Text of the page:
Espionage by Americans Against the United States: Analyses, Changes, and Trends
Nathan Barry Hart (Editor)
Series: Intelligence and Counterintelligence Studies
Espionage by Americans is the worst outcome of insider trust betrayal. The Defense Personnel Security Research Center (PERSEREC) monitors and analyzes espionage by Americans in order to improve understanding of such trust betrayal by a tiny minority of citizens. The focus of this book is on changes and trends in espionage by Americans since 1990, compared with two earlier cold War periods.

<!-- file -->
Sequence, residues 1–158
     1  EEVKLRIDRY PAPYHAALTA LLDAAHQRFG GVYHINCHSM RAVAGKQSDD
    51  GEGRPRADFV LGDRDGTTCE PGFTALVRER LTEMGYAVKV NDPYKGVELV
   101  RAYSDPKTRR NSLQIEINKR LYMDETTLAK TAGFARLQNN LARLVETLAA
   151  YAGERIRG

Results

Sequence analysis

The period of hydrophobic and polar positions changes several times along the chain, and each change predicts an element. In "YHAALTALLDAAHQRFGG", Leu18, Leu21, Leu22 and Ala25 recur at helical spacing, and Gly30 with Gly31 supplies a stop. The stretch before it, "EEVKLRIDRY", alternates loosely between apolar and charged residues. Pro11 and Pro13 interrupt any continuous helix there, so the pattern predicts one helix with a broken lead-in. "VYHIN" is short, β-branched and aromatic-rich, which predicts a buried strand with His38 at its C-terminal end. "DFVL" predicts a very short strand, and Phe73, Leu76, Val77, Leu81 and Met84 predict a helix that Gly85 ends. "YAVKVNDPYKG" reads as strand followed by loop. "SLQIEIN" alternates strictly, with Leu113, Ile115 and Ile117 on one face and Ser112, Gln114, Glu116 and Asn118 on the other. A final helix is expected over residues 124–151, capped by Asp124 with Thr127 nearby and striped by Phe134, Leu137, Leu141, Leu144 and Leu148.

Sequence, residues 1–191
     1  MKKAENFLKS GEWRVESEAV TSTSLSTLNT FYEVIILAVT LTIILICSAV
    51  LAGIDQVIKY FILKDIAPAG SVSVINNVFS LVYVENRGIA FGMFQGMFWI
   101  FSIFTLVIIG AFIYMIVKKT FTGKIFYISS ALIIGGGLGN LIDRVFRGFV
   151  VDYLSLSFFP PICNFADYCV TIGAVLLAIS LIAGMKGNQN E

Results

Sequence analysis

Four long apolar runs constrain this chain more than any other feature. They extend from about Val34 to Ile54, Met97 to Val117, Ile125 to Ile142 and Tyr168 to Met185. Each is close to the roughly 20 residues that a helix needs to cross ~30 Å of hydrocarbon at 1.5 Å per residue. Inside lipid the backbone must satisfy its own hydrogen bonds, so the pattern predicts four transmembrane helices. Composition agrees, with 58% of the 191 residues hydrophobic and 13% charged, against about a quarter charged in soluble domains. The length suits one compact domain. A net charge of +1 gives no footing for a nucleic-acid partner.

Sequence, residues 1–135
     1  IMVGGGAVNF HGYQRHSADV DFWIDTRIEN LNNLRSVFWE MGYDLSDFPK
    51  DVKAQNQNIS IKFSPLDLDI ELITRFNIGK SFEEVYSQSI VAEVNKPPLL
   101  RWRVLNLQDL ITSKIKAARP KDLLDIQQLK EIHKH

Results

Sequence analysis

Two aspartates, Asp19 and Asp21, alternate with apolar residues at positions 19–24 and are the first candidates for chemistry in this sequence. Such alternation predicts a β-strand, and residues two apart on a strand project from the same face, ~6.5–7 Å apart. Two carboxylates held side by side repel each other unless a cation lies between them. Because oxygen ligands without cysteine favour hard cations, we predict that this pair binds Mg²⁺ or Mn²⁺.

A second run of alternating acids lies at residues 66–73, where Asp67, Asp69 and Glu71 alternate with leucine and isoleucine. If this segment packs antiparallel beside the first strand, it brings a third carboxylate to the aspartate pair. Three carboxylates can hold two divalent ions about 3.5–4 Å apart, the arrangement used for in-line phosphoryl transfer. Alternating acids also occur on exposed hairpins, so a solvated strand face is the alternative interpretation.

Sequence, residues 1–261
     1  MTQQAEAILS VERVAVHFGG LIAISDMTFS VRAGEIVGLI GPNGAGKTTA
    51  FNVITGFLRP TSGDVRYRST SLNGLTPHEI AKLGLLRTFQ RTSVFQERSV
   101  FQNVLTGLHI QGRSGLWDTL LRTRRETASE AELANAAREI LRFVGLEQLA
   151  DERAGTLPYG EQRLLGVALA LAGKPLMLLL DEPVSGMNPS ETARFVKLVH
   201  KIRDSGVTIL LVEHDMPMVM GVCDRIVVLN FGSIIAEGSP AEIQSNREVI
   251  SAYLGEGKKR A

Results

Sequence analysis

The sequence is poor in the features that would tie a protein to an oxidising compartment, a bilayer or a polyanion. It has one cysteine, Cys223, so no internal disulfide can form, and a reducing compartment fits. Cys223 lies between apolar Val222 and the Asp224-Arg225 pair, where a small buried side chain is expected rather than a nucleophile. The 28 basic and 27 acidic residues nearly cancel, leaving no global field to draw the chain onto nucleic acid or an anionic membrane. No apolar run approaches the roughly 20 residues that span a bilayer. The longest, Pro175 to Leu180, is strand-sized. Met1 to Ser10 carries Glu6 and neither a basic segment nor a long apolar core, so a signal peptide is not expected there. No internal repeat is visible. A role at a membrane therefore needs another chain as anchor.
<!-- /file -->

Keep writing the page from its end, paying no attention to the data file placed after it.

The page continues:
Findings include, offenders since 1990 are more likely to be naturalized citizens, and to have foreign attachments, connections, and ties, and therefore they are more likely to be motivated to spy from divided loyalties; money has declined as a primary motive for espionage although it is still common, and since 2000 no American is known to have received payment for spying; many recent spies have relied on computers, electronic information retrieval and storage, and the Internet. The most recent cases suggest that global terrorism is influencing the crime of espionage by Americans, and that espionage statutes need revision. (Imprint: Nova)